It’s important for dog owners to know they’re taking good care of their dogs, and this ultimately involves learning fundamental dog care as well as meeting the animal’s basic needs, thus ensuring happiness and health. As with people, dogs require water, food, and shelter in order to survive as well as nurturing and physical care. In short, caring for a dog takes more than just having the right supplies—you must provide proper care and the right environment. To get a fuller idea of what this care entails, check out our quick guide for meeting your dog’s basic needs!
One of the most fundamental parts of dog care is providing a balanced diet, so you should research dog food companies that use first-rate ingredients rather than fillers, and choose the type your dog actually enjoys—holistic, expensive diets are no good for dogs who won’t eat them. If you decide to use a homegrown diet, you should discuss your ingredients with the animal’s vet to ensure they’re right for the dog.
Once you have an appetizing dog food, watch your dog’s response for the next few weeks, as dull hair coat or drops in energy may call for a change in food. If you opt for changing your dog’s food, do so slowly to prevent food aversion or gastrointestinal issues, and speak with your vet if you see any health changes. And, of course, make sure your dogs have plenty of clean, fresh water.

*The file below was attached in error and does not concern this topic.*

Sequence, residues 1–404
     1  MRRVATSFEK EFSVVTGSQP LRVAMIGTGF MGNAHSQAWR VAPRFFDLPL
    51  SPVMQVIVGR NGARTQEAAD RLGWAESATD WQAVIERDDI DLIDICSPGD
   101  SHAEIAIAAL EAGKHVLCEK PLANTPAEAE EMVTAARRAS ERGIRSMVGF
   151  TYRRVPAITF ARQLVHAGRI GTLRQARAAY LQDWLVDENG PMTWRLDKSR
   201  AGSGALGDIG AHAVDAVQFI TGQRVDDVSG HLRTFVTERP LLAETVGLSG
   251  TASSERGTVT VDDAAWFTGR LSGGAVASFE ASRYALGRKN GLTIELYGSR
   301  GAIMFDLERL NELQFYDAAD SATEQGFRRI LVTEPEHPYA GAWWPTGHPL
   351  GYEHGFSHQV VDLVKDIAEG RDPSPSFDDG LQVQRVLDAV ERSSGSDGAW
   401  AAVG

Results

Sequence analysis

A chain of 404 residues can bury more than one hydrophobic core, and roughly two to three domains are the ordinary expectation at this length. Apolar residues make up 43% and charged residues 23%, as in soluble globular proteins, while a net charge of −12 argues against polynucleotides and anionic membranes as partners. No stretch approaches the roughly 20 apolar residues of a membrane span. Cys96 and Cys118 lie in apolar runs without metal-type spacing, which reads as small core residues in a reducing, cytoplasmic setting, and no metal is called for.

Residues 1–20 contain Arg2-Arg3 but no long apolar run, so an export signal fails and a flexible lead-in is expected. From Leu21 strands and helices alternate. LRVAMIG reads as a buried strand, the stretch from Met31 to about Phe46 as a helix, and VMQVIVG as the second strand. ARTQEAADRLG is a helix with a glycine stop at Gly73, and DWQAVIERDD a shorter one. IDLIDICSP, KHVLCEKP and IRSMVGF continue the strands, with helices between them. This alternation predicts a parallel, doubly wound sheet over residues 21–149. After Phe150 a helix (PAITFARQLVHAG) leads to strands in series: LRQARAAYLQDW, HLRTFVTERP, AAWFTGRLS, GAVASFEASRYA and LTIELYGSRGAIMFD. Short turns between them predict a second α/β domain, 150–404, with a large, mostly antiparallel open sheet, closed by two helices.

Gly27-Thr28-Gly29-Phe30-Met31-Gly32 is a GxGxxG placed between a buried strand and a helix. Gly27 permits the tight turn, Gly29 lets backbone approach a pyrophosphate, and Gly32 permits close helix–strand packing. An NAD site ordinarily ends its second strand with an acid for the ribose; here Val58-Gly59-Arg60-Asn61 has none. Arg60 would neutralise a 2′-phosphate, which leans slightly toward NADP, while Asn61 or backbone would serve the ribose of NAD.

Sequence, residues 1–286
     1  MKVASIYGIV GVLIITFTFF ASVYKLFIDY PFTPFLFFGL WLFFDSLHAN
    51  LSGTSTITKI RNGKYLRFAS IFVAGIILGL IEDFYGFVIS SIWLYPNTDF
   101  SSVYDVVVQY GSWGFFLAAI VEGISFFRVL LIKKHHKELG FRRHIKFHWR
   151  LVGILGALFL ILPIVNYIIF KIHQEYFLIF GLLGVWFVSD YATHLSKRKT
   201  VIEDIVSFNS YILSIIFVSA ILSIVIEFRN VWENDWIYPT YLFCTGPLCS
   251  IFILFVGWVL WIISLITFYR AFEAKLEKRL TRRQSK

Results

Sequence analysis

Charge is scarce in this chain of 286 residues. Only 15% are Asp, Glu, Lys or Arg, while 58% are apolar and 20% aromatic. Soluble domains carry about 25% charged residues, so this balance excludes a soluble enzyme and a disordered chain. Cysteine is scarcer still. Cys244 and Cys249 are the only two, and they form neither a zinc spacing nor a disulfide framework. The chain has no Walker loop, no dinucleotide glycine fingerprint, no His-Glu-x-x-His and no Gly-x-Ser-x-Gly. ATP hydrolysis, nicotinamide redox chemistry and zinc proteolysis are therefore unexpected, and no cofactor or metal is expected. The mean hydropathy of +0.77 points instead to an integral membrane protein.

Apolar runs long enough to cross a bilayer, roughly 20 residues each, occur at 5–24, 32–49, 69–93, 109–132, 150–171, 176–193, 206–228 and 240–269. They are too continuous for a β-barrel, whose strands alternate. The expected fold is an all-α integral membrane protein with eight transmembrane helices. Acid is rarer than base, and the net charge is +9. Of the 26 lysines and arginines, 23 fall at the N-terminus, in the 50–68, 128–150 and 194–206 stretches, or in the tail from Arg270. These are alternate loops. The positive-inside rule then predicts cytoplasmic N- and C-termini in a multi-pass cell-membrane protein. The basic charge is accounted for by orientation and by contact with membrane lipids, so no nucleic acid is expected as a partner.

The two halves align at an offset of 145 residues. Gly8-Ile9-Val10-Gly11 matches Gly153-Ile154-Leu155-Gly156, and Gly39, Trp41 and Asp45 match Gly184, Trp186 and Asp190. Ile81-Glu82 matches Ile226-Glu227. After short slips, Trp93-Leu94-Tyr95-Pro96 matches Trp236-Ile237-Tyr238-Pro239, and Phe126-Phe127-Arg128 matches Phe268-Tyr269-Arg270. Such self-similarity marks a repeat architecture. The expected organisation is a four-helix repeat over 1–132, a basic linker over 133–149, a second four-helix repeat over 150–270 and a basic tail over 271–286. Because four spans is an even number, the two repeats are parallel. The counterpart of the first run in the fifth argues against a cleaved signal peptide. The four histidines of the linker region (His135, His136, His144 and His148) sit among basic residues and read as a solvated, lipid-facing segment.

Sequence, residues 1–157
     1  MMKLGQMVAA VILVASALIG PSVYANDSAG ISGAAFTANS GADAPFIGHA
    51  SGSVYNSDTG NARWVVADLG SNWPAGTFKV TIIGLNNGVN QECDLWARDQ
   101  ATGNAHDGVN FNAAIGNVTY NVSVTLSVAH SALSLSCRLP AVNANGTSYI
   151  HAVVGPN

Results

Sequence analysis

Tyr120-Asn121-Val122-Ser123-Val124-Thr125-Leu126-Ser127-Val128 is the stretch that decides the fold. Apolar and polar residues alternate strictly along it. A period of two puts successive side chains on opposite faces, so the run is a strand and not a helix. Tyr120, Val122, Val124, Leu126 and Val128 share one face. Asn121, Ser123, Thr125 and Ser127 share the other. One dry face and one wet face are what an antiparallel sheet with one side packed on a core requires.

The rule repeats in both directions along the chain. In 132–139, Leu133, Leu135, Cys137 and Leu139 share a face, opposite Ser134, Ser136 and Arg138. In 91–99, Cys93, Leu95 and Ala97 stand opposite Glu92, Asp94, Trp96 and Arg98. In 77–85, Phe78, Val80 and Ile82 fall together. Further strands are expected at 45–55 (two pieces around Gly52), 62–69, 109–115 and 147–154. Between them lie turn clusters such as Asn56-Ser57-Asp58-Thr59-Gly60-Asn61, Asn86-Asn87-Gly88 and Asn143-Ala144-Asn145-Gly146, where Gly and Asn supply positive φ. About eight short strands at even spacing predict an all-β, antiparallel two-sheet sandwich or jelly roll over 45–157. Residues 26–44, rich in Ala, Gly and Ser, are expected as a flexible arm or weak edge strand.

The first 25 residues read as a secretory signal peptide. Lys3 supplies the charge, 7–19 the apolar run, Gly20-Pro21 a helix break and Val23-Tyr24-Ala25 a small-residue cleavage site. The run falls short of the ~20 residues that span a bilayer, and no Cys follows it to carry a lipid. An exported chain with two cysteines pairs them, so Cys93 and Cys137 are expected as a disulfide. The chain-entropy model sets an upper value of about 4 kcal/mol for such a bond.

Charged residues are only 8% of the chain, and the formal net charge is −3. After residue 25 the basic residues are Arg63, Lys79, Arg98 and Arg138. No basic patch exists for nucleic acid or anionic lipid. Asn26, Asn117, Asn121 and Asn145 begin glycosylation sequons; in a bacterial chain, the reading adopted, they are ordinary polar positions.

In addition to proper nutrition, dog owners need to keep their dogs healthy through regular exercise as well as preventive vet care. Come up with some type of exercise routine, even if it’s just a quick walk every morning. More exercise might be required depending on the dog’s breed, but avoid overdoing it. You should also schedule a vet appointment once or twice per year for a standard wellness check-up, as potential issues are usually discovered before dogs even show symptoms of illness.
Also, just as dog owners keep Band-Aids, Manuka honey, and other such tools in their home for themselves, remember to have some on hand for your dog as well. Lastly, some dogs may require regular haircuts in addition to their regular grooming, including nail trimming and bathing.
Just like young children, dogs thrive with both discipline and structure, making training programs—and sticking with them—paramount for a dog’s quality of life. Some dog owners prefer joining a class run by a professional trainer whereas others may prefer learning about training their dogs on their own. Regardless, you must establish that you’re in charge, reinforce the dog’s good behavior, and correct misbehavior humanely. If you stay consistent, you should get positive results.
Preserving the canine-human bond is crucial for your dog and its ability to thrive—just remember dogs are social creatures that need to interact with their humans, so set time aside for the both of you to bond. Playing with toys, petting and talking to them, and taking them for car rides are just a few ways to preserve and strengthen this bond.
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